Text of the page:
We’ve got lots of great activities to help get kids interested in restoring New Zealand’s native species.
Before getting started, it’s important to understand New Zealand’s unique ecological context, the reasons we need to make Aotearoa predator free, and the crucial role children play in this vision.
Make sure children and anyone who is teaching this content know about these predator free fundamentals below.
1. Our wildlife is found nowhere else on Earth
About 85 million years ago, New Zealand split away from Gondwana land. On this land mass, in relative isolation, plants and animals developed away from the threat of mammalian predators (possums, stoats, ferrets, weasels and cats). As a result many of our birds nest and/or fledge on the ground and some don’t fly at all. This makes them very susceptible to predation by predators.
This isolation means many of our birds, bats, insects and frogs are found no where else on Earth, it’s unique and special to Aotearoa.
2. The real reason for making NZ predator free
It’s extremely important to explain to our kids the reason why we are undertaking this challenge. We aren’t doing this because we enjoy removing introduced mammals such as possums, stoats, ferrets, weasels, cats and hedgehogs. Our vision is to remove predators to help give our native species an environment where they can thrive again.
Our ancestors introduced these mammalian predators many years ago and the environment in New Zealand has allowed their to thrive, as a result many of native species are in serious trouble. Our native birds, bats, reptiles and insects are in decline. Did you know we have the highest rate of threatened species in the world? Around 81% of our birds, 88% of our reptiles and 72% of our freshwater fish are currently endangered.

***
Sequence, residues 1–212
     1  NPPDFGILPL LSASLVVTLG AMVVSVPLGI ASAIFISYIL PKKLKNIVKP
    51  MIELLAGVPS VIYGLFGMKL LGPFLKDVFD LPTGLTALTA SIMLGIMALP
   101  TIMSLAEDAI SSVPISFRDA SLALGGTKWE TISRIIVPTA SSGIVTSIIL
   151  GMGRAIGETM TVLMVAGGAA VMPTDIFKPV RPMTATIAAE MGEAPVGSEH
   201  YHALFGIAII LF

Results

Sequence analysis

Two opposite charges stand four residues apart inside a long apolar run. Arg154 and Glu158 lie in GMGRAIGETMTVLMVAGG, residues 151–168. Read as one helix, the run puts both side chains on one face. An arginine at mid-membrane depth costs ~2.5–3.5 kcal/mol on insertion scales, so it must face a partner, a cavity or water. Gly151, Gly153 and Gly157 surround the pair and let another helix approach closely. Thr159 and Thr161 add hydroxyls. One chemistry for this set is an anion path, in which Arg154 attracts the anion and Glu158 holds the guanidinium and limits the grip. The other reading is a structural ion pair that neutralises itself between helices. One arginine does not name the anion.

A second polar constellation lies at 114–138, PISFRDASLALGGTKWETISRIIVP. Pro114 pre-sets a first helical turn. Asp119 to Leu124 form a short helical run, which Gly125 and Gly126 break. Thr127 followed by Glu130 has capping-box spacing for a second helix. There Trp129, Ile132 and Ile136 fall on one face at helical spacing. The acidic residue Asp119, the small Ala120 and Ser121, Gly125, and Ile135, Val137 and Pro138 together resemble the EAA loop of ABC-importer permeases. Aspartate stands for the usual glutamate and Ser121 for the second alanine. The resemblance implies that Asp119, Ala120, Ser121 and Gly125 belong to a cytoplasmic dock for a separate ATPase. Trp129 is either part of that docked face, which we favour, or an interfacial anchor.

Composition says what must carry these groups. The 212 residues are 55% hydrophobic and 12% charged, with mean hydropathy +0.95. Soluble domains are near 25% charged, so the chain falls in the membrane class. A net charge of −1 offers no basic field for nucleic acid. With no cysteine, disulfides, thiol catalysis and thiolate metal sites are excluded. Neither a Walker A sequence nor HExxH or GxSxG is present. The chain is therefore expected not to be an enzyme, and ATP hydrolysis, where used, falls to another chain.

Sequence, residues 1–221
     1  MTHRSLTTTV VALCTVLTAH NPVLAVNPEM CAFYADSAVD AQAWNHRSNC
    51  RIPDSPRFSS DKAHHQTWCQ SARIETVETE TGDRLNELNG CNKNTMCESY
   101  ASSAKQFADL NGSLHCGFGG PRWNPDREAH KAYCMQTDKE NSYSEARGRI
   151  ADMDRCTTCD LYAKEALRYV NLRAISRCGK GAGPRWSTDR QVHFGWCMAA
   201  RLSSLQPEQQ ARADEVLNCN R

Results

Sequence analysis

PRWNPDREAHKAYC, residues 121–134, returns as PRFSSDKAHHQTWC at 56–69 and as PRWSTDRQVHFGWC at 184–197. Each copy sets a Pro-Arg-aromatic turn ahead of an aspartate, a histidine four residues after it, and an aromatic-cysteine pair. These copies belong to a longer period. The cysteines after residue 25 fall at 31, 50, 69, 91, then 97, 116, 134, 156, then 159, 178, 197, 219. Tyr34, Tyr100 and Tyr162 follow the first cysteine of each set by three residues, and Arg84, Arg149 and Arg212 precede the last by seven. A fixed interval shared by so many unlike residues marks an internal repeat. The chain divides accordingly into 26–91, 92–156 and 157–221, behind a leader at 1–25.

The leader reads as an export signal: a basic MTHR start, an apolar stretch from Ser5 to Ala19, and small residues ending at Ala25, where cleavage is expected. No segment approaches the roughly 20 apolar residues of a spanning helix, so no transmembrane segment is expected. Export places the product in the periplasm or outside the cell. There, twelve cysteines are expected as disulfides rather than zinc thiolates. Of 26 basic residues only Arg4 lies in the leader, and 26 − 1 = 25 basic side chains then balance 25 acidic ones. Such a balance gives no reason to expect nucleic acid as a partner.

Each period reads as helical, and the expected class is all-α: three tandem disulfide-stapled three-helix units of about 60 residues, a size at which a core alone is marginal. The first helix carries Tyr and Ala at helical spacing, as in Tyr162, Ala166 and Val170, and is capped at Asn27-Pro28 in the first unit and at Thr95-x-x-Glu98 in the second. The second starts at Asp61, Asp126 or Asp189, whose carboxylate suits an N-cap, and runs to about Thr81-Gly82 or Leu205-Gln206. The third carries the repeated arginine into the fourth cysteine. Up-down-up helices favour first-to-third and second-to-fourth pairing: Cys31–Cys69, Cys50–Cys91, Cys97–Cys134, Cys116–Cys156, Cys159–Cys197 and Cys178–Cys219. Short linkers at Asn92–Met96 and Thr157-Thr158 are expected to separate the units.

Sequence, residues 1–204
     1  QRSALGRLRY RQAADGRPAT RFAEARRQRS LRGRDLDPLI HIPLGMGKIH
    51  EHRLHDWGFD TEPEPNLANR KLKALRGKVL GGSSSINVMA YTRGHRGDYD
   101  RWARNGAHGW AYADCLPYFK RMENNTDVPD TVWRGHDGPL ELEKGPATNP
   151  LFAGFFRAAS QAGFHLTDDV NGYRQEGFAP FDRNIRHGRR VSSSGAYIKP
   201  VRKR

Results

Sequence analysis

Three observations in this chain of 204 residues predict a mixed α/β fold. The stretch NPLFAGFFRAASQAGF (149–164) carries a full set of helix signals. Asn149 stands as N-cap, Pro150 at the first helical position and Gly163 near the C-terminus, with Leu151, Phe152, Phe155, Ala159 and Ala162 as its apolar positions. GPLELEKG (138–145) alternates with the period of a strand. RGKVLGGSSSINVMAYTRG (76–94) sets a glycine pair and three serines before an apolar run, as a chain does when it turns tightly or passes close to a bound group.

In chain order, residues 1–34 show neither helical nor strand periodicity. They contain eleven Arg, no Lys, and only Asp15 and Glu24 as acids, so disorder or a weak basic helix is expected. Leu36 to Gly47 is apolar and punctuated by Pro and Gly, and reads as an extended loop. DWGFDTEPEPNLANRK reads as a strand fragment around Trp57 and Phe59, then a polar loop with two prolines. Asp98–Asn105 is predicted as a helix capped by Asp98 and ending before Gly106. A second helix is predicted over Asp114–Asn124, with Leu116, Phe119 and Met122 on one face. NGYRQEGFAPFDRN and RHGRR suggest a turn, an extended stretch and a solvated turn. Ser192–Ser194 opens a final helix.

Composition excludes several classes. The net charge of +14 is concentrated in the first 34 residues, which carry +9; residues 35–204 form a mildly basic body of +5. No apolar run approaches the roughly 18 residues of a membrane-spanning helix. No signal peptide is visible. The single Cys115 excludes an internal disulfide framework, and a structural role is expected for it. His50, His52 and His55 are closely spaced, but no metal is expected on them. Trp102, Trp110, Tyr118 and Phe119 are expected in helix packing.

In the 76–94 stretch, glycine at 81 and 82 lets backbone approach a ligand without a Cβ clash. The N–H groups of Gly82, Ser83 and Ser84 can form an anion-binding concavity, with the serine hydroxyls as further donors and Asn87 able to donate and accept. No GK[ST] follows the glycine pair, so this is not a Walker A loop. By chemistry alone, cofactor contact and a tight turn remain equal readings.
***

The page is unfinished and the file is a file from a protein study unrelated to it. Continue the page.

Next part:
While we have good reasons for wanting to remove introduced predators it is essential we do this with respect for all living animals and we use tools that are as humane and effective as possible. As well as removing introduced predators, monitoring our native species and restoring and protecting their habitats are other ways children can help.
3. Why it is important for children to be involved
We believe it’s important to teach our tamariki about how precious our native species are so they value what we have and are invested in protecting them in the future.
Just like how recycling and being sun smart are becoming second-nature to our children’s generation, we want predator free activities to become the same.
4. OK, let’s get started
If you are a parent/caregiver or guardian
We suggest you start trapping in your backyard with your kids, this has has loads of benefits. It can help get rid of rats from your compost bin, save your roses and fruit trees from possums, but most importantly it can make your garden a safe place for our unique native wildlife to live.
Also, check out our Wildeyes website. It’s packed with heaps of nature activities that you may enjoying doing with your kids.
If you are a teacher in NZ
A great way to get started is by reading our School Guidelines which outlines the 4 steps you should take when starting predator control activities in your schoolyard. We have also collated loads of useful resources for you to use, if you know of any others you think we should add, please email us.
- Lesson plans — we have a kete packed with useful environmental resources for teachers including specific predator control lesson plans for years 4 – 8.
- Introduced predator facts — useful information about introduced predators including possums, stoats, ferrets, weasels and rats.
- Native bird facts — quickly find facts on our unique native birds and the introduced predators that impact them.
- Slideshows & videos — a collection of videos and slideshows to share with your class about NZ’s wildlife, including a video on why we need to make NZ predator free and footage showing the impact predators have on our native species.
- Hands on activities — including planning and implementing restoration projects, making chew cards, tracking tunnels, houses for animals and footprint mysteries to solve.
- Related books to read — a collection of beautiful picture books and novels about NZ’s unique native species — all could can be read alone or read out loud.
- Games & quizzes — cards to trade and collect, online quizzes and other fun games to engage tamariki in saving our native species.
Find many more resources in our Kids & Schools toolkit — it’s jam packed with great information.